The Best Kind Of Bread For Luxurious Olive Oil Dipping

Sliding fresh chunks of bread into high-quality olive oil is a sensory pleasure on so many levels, from taste to the aroma, visual appeal, and that crusty texture softened by glistening golden oil. It's one of gastronomy's simplest traditions, requiring only fingertips, unadorned chunks of bread, a bottle of good olive oil, and a few herbs if preferred. But somehow, that mere act of minimalist eating gets elevated to epicurean status in countless restaurants. For that to happen, there's got to be a secret ingredient, right? Many people, whether gourmands or earthy no-fuss eaters, say it's all about the bread. 

The bread obviously must be fresh, not the pre-sliced loafs of bread stacked on supermarket shelves. But the type and style of bread are also crucial. It needs a crusty exterior that's hefty enough for holding in bare hands while dragging through the bowl of olive oil. And the interior must be soft, pliable, and absorbent to soak up all the flavorful oil. Ideally, you'll have a full fresh loaf to slice in thick portions just before indulging. 

Olive oils have a connection to Mediterranean countries where olive trees grow in abundance, so it's natural to think of Italian bread for luxurious olive oil dipping. Given the 350-plus types of bread originating in Italy, it's no surprise some perfect types of dipping bread bear Italian names: ciabatta, focaccia, and Pugliese, a rustic bread from south Italy's Puglia region. Traditional crusty white loaves, French bread, sourdough, no-knead bread, or appropriately named olive bread are excellent choices as well.  

Good crusty breads for dipping

Two popular and convenient kinds of bread for olive-oil dipping are commonly available in many countries: ciabatta (which is also perfect for deviled mushrooms on toast) and focaccia (delicious when stuffed with taleggio and pancetta). Extra crispy on the exterior, similar to a French loaf, ciabatta bread is sturdy enough for holding and is absorbent for a good dose of silky, aromatic olive oil. It's also easy to find in most supermarkets, either in the packaged bread department or the fresh bakery section. You'll recognize ciabatta by the relatively flat, oval shape that's often rounded on the edges, giving the appearance of a ballet or bedroom slipper –– thus it's affectionate nickname of slipper bread.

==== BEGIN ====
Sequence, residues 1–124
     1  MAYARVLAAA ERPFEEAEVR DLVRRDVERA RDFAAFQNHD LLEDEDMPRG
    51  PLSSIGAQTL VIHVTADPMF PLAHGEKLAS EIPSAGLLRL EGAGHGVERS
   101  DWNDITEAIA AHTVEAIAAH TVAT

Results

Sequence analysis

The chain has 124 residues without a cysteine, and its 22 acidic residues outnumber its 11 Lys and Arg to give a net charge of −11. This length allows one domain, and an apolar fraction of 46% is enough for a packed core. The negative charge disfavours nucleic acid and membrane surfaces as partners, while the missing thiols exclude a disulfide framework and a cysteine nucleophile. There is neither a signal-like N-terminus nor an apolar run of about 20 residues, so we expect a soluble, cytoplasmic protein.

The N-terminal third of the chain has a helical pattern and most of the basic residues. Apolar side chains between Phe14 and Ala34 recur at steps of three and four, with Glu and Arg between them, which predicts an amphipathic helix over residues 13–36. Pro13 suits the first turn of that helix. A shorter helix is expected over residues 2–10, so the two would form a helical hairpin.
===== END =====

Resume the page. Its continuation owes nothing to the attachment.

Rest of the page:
Focaccia bread, though not a hard type with crispy on the outside, is an excellent bread for mopping up olive oil. The pliable crispiness comes from a primary ingredient in this flatbread: olive oil. Its name comes from the old Roman phrase "panis focacius," translated as "hearth bread" due to original versions baked over coal embers in an open hearth. Focaccia typically comes seasoned on the upper crust with herbs such as rosemary, garlic, or basil soaked in olive oil, which nestles into the small pocketed indentions.  

Another bread worth singling out for olive-oil dipping is the appropriately named olive bread. You're more likely to find it in regions such as California where olive groves thrive, or in specialty chain grocers such as Whole Foods or Trader Joe's. It can contain green olives, but more typically, black ones such as Kalamatas — which pair beautifully with farro.

The type of oil matters

After landing on a favorite bread for olive oil dipping, turn your attention to the oil itself. It features prominently in the experience, landing directly on your waiting taste buds, so the flavor is crucial. You want one that's minimally processed, retaining its grassy color and inherent earthy, fruity, peppery taste. That means extra virgin olive oil, if at all possible. To ensure you're getting a quality product, look for a use-by date; olives are notoriously finicky and will go bad quickly. A use-by date increases the odds of getting pure olive oil, not a blend. When it comes to olive oil, fresh is always best. It's comparatively pricey, but oils that have been heated and chemically treated lose flavor and appear bland on the palette.

Unless you're a devoted olive oil purist, you might want to try pre-flavored olive oils with citrus, chile, or pepper flavors. Or make your own herbal olive-oil dipping blends. Good blending options include dried Italian-style seasonings such as oregano, thyme, basil, and rosemary, mixed directly into the oil. Consider freshening up the flavor with finely diced or minced garlic and a sprinkle of grated parmesan, ideally from a fresh block instead of the powdery, canned variety.